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I was prompted to think about the working class thanks to an interesting opinion piece The Great Divide by James Delingpole in the Sunday Times Style magazine (February 5, 2006) about a division in the middle classes between the haves and the have-nots. The haves stay in Tuscany and go on ski-ing holidays.
My own thoughts on this is that the working class haven’t gone away, they just slave away with a phone, the laptop and the Blackberry. The have-nots referred to in the article are the normal working class folk of yore. They are the infantry of the knowledge economy. In place of soot-covered waste coats or donkey-jackets it’s suits-and-ties or media casual.
I have no problem calling myself working-class. I learned my trade as a PR person by working with great people in the same way that I served my time as an apprentice in the chemical industry in my early 20s.
They have the same fears as the working class of past decades with the fear of their jobs being exported to India or China rather than seeing their factory closed down by foreign competition. Self-service online and IT-driven business process management in banks has replaced robots and automation on the factory floor.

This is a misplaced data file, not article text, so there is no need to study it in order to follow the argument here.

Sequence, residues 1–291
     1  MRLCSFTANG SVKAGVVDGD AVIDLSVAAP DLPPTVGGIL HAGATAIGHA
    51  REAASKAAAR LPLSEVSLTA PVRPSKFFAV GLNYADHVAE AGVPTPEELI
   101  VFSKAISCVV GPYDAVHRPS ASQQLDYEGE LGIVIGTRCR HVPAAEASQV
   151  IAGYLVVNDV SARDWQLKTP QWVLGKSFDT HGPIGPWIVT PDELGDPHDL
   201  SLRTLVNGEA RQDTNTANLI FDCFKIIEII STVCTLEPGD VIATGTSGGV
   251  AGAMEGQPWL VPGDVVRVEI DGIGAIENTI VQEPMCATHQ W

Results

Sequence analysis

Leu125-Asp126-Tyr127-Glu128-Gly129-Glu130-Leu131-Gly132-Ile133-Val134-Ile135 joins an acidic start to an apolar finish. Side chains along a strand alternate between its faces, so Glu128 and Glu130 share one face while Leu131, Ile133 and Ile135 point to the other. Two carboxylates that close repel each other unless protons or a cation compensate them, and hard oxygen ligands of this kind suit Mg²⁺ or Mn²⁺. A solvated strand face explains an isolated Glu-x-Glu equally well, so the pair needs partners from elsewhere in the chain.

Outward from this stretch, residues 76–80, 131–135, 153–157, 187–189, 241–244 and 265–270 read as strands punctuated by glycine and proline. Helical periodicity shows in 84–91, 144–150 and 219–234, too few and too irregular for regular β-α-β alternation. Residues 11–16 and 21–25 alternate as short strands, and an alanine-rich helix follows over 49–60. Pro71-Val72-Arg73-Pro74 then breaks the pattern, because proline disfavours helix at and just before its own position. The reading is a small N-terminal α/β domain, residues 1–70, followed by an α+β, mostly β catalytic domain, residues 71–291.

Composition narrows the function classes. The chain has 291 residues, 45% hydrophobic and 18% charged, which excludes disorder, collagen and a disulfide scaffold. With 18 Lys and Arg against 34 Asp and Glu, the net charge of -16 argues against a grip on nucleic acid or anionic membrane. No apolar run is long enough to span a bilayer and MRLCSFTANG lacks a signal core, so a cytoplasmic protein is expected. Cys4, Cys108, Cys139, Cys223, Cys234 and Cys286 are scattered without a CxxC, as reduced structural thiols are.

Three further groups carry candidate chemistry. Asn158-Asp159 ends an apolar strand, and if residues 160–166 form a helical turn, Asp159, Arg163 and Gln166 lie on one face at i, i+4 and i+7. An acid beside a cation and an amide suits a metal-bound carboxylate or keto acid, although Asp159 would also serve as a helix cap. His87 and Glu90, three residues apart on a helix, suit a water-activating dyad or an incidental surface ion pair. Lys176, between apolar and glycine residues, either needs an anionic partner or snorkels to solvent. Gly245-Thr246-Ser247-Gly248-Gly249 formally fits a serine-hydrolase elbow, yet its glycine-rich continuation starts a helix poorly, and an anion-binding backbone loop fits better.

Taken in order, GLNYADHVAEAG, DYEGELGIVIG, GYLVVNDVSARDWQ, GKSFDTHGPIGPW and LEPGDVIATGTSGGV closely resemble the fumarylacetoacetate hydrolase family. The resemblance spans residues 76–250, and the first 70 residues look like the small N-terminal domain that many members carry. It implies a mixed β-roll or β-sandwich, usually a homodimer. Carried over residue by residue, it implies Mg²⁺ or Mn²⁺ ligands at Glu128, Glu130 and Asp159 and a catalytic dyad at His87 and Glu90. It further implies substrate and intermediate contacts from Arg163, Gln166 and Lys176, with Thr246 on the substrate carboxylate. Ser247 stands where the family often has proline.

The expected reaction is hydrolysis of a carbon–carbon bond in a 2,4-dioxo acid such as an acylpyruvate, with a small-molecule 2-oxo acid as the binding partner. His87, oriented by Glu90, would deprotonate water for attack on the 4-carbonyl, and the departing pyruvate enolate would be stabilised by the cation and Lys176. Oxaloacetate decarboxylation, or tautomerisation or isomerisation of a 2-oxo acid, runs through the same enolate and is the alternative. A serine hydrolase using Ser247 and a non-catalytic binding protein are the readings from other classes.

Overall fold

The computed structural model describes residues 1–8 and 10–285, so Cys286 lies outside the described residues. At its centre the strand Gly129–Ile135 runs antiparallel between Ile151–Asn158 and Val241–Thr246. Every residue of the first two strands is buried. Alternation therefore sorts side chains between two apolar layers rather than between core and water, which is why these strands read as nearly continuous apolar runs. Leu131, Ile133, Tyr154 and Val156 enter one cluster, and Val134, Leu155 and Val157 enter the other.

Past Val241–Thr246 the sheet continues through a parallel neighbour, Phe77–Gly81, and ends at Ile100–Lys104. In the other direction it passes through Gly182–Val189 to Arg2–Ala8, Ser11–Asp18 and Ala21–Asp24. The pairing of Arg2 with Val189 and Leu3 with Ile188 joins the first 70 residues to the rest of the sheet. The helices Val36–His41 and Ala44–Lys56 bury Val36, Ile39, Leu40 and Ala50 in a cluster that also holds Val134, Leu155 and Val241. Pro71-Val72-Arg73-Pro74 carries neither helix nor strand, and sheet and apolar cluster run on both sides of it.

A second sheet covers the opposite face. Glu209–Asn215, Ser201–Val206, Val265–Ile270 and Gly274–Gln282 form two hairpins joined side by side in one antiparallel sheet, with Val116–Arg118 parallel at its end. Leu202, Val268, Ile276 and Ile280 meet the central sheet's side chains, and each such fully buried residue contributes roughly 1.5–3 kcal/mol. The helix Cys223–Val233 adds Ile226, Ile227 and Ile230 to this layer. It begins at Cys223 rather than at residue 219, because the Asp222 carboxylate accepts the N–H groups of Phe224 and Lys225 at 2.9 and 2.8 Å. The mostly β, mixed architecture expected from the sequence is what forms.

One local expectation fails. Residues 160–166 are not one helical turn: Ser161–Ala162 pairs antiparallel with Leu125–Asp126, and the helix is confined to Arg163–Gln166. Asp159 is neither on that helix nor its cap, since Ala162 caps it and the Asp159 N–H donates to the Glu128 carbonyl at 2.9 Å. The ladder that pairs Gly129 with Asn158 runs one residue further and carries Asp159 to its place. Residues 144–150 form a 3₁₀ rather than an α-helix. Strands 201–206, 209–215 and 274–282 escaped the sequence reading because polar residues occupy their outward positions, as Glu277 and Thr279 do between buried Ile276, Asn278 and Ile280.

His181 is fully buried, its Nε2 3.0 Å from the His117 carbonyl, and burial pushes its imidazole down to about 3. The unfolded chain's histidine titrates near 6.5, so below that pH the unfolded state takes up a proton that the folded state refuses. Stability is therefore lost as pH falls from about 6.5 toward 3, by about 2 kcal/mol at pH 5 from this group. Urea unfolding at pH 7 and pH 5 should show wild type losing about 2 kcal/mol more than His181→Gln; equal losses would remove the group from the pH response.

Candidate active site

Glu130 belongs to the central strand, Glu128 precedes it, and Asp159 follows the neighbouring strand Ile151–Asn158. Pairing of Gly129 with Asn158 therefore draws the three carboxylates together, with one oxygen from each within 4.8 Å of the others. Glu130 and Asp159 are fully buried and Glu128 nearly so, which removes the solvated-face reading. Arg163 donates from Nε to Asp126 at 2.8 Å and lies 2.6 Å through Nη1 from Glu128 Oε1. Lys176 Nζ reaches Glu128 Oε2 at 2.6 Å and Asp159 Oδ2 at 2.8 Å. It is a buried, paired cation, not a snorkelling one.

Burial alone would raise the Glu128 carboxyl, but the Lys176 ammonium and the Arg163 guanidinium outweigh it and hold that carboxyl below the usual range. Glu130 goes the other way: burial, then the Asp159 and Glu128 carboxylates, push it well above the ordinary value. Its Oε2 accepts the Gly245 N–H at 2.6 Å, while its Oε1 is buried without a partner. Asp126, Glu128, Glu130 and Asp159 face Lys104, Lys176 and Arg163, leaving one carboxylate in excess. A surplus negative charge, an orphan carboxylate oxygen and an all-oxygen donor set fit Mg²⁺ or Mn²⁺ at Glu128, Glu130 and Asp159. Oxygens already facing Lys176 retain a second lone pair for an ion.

I found it particularly interesting that Delingpole assigned education and politeness with middle class society. The working class neighbourhood I grew up in was not full of cavemen: respect for yourself and others was something that was drilled into me. Indeed, I still occasionally have that uniquely Irish refrain from my mother asking me ‘not to disgrace the family-name’ ringing in my ears.I worked in many jobs from managing a tightly knit production team, to working on a factory line, being a cleaner, being part of a call-centre hive, banking and working in PR. It was in the middle-class environs of the PR agency life where I saw the most morally repugnant mistreatment of fellow colleagues and peers practiced.
With regards education, there has been a long tradition of a well-read working class, indeed some of the ‘new’ universities sprang out of mechanics institutes and other places of working-class education. The things that stood me in good stead for working in the knowledge economy were:
- The wide range of reading that I did whilst working shifts in the oil industry and have carried on since
- The work ethic that my gaffer taught me as an apprentice
- A practical approach to problem solving that I picked up working in the chemical industry
- The typing tutor software on the mini-computers that we used in the oil refinery and other places that I worked at
My university degree just got me in the door at my first ‘graduate’ roles. The under-class of today are the dispossessed bypassed by the knowledge economy, rather like the farm workers left by land reforms and the industrial age. The working-class education is now a combination of the state education system, public libraries and the worldwide web were institutions like MIT Open Courseware and Wikipedia which equate to the mechanics institute of today. It will be interesting to see if or how these new working-classes get organised. If you would like to read more consumer behaviour related content, you can find it here.